American Contemporary Ballet, Handel
American Contemporary Ballet in Handel | Credit: Anastasia Petukhova

It’s not easy gaining a foothold — no pun intended — in the Los Angeles ballet scene. But Lincoln Jones, who co-founded American Contemporary Ballet (ACB) with Theresa Farrell in 2011 in the City of Angels, continues to buck the odds. Currently the sole artistic director and choreographer of the troupe (Farrell left in 2020), Jones is expanding a repertory that includes works by New York City Ballet co-founder/choreographer George Balanchine and tapper Fred Astaire, as well as reconstructions of important historical ballets and many dozens of his own works, such as The Rite of Spring, and the holiday perennial, The Nutcracker Suite.

ACB is also the only ballet troupe in L.A. to perform exclusively to live music, played by some of the city’s finest classical and jazz musicians. Indeed, March 1 through March 22, ACB will present 10 performances at their “performance venue” (more below), under the title “ACB Jazz.” Showcasing two premieres, a number dubbed “The Charlestons,” and two comedians, the program features music performed by Morgan “Daddy Butterbeans” Jones and his Hot Nine, playing tunes by Louis Armstrong, Duke Ellington, and Jelly Roll Morton, and others.

Lincoln Jones
Lincoln Jones | Credit: Anastasia Petukhova

Lincoln Jones, who was born in Fullerton, CA and began dancing at age 19, explained that the upcoming program incorporates music of the late 1920s to early 1930s. “Morgan Jones — we’re not related — is our music director, and he plays piano and celesta. There’s also trumpet, trombone, two saxes, drums, standup bass, tuba, and a singer, Anastasia Malliaras. ‘The Charlestons’ we did last year. That was the first work in a larger program of the same musical aesthetic, [also called] ‘ACB Jazz.’”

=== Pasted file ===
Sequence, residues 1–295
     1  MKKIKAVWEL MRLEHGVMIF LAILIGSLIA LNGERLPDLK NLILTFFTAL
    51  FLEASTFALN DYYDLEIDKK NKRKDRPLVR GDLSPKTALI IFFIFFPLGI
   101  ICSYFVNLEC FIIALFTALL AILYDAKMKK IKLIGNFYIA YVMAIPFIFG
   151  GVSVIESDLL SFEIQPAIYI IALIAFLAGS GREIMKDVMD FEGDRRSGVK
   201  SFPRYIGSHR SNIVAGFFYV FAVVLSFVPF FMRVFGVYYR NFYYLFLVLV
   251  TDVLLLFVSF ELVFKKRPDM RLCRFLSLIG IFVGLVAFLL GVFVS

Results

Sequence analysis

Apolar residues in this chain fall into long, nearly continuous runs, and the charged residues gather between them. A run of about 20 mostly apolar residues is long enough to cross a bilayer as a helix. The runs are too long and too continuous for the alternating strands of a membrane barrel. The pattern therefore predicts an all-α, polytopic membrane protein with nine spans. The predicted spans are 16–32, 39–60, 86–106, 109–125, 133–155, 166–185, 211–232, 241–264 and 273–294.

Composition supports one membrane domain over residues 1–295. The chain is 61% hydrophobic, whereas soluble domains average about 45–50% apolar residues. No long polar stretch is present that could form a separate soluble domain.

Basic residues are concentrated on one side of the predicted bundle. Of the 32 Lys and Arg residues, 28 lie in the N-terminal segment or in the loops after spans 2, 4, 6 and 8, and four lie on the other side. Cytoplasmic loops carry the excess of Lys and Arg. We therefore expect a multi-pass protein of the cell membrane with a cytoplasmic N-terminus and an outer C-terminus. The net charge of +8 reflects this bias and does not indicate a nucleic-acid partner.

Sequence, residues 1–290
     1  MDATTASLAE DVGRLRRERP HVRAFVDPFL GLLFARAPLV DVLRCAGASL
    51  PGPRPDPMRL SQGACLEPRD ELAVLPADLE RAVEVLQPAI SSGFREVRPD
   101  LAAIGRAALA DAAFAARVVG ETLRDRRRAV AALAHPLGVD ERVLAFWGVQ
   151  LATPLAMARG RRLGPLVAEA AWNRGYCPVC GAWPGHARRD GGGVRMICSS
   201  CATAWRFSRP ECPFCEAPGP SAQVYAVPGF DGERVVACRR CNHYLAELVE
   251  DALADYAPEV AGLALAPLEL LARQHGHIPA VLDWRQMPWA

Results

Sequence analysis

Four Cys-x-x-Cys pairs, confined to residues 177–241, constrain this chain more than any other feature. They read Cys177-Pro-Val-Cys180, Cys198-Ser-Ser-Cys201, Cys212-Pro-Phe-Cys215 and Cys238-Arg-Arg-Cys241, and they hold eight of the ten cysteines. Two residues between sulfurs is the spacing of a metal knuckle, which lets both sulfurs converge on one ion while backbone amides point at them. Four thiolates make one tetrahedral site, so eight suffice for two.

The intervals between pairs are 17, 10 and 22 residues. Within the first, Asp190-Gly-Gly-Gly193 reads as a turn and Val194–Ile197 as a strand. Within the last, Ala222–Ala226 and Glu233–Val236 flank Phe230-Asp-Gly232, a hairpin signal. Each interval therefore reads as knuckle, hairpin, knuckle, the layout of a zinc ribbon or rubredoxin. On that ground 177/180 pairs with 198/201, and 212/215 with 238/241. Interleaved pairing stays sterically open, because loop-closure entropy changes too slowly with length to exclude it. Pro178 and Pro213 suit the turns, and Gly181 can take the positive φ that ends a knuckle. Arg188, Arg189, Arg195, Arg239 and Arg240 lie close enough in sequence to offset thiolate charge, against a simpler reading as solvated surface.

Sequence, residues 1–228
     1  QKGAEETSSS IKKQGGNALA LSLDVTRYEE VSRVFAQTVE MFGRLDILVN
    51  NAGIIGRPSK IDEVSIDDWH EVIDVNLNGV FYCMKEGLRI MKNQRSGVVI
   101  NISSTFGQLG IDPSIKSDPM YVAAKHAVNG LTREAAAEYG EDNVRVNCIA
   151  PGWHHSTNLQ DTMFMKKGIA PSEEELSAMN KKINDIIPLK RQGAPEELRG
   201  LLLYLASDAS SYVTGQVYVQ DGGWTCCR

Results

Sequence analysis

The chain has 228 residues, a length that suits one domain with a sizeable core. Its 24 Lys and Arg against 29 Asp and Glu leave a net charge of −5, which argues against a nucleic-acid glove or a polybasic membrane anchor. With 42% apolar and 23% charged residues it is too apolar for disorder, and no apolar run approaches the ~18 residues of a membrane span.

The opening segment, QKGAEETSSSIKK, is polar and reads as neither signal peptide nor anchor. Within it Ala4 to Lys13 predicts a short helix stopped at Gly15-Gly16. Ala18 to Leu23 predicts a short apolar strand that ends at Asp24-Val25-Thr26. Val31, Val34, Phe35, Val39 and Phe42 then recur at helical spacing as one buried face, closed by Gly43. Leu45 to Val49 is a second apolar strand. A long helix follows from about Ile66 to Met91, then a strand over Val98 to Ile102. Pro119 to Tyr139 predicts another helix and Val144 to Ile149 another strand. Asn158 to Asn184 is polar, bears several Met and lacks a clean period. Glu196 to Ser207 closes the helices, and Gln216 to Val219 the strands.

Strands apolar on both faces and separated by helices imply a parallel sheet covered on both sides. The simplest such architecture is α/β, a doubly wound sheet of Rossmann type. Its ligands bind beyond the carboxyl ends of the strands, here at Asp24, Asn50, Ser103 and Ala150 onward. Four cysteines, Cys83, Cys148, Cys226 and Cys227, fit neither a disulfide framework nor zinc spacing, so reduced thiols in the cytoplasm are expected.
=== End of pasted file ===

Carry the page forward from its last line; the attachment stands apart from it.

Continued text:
And while it’s a luxury for small ballet companies — or dance troupes in general — to have live music, this has always been a must for Jones, 48, and ACB. “It seems so obvious,” he noted. “We wouldn’t have a live band and recorded dance! That’s essentially the same thing. And live music also sounds totally different. If it’s not live, there is no interacting, [so] for all the reasons you go to see a live performance, it also makes a huge difference to the dancers.”

The company, which Jones says has an annual budget of more than $1 million, currently has 14 dancers, ages 19-30, but is down from 21 since the pandemic. The director, who recently returned from New York where he was auditioning dancers, said that he looks for “tall dancers. For my choreography, they work very well. Once the company is larger, I can see bringing in a broader range [of dancers]. But the smaller the company is, the tighter aesthetically it has to be in different groupings. I also look for dancers that really want to do the kind of work we’re doing. It’s important that they’re being fulfilled.”